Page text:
The importance of letter grades

As you may have noticed, those of you who might be faithfully reading, I’ve been thinking about grades and grading a lot lately.  Basically, I’m trying to come at the idea of grading from outside the box and trying to come up with meanings for what and how we grade, as teachers.

My newest question is the 5 point grading scale:  A, B, C, D, and F.  Wouldn’t a 3 point scale make more sense?  Basically, I’m not sure that all of us teachers are really good enough at assessing students that we can make the fine distinctions between and A and a B.

I think it makes more sense that we have Good, Adequate, and Failing grading scale.  In terms of employment, that’s how my reviews have gone in the past.  It’s easier to determine skill in this way, so it’s probably more accurate.  Personally, as a teacher, I would like to think it would be easier to grade honestly this way.

However, it probably would lead to the same grade inflation that we see today because no parent would want their student labeled as “adequate” instead of good. Sigh.  Tough to win on this grading business.

I am the language lover and these are my thoughts.



  1. gls said,

    November 8, 2009 at 8:59 am

    An interesting observation. In South Carolina, we further confuse the issue through the use of a four-point scale as well: SC’s PASS Test (our NCLB accountability measure) measures below basic, basic, proficient and advanced performance. It seems a bit top heavy to me.

    I often only use a three-point system on rubrics. I tell students, “Think of 3 as ‘A’, 2 as ‘C’ and 1 as ‘F’.” They tend to like the simplicity; I like the relative ease of making and scoring with such a rubric.

  2. November 8, 2009 at 9:11 am

    We have some testing that is just starting to become standard that measures students in that same way. Quite honestly, I don’t believe many teachers really understand the difference between the different levels. And if teachers don’t, students certainly don’t.

    Good example with the rubric. I grade that way quite often as well.

  3. Scott Erb said,

    November 10, 2009 at 8:52 am

    I teach college, so it’s different in a way, but I always go on a point scale (40 to 100). I find I can distinguish between an 85 and an 87, even if I can’t say why.

    I’ve co-taught a course on “Children and War” many times with an Education professor, and from her I learned all about rubrics. She seemed shocked when I said I assigned grades based on what I “felt” them to be. Yet when we did an experiment — she following her rubric (about ten qualities, each earning a certain number of points) and my subjective assessment — we came out almost the same on every paper. My method, though, takes much less time.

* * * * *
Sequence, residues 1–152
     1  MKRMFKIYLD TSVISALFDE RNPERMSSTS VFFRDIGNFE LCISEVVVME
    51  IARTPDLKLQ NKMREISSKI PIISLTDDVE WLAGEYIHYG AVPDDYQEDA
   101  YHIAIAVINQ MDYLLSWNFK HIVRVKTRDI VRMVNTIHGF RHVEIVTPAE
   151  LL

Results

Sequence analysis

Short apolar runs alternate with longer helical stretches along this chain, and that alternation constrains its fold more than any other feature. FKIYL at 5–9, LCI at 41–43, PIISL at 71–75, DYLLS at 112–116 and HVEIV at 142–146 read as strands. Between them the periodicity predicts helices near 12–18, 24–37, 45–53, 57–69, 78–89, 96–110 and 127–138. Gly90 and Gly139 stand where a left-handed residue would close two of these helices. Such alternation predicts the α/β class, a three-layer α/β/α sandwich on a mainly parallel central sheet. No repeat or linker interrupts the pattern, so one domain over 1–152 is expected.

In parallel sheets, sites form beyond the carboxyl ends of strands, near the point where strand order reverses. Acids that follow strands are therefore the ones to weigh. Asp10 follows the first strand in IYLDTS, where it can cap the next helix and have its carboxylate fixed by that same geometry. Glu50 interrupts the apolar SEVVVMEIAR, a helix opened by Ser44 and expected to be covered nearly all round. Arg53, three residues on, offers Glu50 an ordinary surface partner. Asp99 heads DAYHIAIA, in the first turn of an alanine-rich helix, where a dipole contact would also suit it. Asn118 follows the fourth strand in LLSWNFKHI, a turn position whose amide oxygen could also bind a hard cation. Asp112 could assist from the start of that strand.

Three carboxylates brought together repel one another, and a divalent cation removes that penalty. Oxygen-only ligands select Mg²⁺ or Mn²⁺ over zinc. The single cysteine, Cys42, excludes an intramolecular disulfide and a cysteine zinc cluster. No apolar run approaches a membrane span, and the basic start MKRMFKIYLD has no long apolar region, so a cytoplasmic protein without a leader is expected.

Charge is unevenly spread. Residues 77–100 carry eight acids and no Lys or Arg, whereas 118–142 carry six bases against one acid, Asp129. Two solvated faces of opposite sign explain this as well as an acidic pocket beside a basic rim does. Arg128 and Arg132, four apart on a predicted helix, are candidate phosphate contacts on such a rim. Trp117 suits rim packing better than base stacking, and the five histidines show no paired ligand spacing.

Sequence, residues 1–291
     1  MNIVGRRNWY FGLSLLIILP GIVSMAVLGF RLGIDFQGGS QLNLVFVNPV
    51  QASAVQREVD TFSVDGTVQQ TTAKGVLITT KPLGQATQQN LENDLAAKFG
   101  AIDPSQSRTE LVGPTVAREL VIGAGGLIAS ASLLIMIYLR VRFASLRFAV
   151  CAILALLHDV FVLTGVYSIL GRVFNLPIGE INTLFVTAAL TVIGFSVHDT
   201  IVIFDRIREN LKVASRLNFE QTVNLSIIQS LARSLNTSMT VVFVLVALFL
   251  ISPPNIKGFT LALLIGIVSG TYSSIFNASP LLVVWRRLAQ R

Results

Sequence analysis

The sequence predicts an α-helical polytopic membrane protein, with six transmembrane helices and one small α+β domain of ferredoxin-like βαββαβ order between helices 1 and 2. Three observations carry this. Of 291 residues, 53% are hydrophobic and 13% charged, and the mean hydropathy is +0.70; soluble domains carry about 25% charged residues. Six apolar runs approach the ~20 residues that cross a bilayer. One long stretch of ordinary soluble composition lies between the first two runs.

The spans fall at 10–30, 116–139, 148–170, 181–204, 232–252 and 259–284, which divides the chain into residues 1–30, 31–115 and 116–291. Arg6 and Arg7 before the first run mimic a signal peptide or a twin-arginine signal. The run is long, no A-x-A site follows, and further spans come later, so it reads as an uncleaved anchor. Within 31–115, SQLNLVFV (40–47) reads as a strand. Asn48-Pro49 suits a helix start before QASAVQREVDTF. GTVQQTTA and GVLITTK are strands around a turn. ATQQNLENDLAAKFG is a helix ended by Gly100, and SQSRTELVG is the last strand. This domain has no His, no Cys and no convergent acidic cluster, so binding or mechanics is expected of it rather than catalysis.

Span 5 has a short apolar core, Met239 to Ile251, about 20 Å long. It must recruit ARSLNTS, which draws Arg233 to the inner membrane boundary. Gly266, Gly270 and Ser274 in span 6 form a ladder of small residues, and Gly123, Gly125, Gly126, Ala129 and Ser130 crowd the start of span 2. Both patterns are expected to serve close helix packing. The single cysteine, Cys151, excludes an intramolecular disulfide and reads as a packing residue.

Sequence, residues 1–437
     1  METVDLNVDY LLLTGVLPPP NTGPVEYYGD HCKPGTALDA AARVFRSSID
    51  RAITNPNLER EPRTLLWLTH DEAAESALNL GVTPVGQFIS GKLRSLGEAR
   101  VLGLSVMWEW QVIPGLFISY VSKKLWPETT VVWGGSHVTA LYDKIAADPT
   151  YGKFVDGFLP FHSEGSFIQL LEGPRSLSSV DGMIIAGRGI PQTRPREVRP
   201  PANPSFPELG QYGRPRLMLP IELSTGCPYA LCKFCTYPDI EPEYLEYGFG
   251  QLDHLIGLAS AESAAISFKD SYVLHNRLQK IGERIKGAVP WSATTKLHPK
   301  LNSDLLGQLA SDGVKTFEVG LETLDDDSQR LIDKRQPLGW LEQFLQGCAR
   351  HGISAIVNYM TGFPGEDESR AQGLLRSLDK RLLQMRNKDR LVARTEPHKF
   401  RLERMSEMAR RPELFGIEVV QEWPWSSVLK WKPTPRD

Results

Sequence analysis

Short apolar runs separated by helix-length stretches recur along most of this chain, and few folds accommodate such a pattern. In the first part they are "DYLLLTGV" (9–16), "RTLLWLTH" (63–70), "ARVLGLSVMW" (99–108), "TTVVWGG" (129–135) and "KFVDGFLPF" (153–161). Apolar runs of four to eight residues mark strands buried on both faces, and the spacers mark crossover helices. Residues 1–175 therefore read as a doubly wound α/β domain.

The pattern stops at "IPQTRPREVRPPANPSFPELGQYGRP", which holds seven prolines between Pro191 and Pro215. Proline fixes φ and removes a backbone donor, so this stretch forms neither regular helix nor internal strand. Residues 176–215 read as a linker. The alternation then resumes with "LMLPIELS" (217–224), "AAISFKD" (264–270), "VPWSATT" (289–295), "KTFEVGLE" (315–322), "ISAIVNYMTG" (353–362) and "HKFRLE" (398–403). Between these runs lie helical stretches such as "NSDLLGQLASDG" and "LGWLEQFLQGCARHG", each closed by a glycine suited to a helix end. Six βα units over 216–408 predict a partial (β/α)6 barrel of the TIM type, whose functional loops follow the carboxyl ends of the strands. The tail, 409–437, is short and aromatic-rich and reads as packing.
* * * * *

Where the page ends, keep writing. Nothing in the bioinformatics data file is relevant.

To translate these to letter grades for me comes at the end of the semester. I take into account the “whole student.” Did she show improvement? If so, I might radically discount an early botched exam, feeling she made up for it. Was she present for all classes (again, in college they can skip)? If so, then that may give her the benefit of the doubt in a close call. I tell students that the letter grade number totals (on a normal 90-80 scale) is their base grade. It will not go down, but can go up if a student shows effort and improvement. In that, I try to use grades not just as assessment, but as motivation.

    Of course, I can do that stuff in college teaching. I would never want to have to jump through the hoops and requirements that you all in K-12 endure. Bureaucracy sucks.

  4. November 11, 2009 at 10:04 am

    I agree with you, Scott, that rubrics often reflect my own more abstract judgment on an assignment’s quality. As you said, though, in high school, we have to show more how we arrived at that grade.

    On the good side of that, however, we are trying to be more consistent as an English department. Everyone has heard the story of the student who handed in a paper to one English teacher and got a C, but another English teacher gave it an A, because it was all graded so subjectively. Because of our Professional Learning Community ideals, we are sharing and talking more about what we are grading for and what we should be focusing on. Our hope is that it will make us a little more consistent in our grading efforts. Rubrics help that because it makes sure that we are allotting points to areas that we deem important instead of knocking 50% off a student’s grade because they used the wrong “your” consistently throughout a paper.

    I’ve been trying to come up with a way to make grades do what you said about the “whole student.” It’s a lot harder to do that in high school. It’s a good idea, however, to focus on improvement instead of simply flat scores. On the other hand, I’d rather have the mechanic who’s fixing my brakes actually know all of the material, not just show the most improvement. 😀

  5. Scott Erb said,

    November 11, 2009 at 10:53 pm

    LOL! Yes….”Well, yeah, it’s too bad the tire came off while you were driving on the interstate, but the last car he fixed had three tires come off, so he’s really improving…”

  6. Jay Burns said,

    November 12, 2009 at 6:41 pm

    Who kept driving after the first two tires came off? That guy didn’t show any improvement at all. 😉

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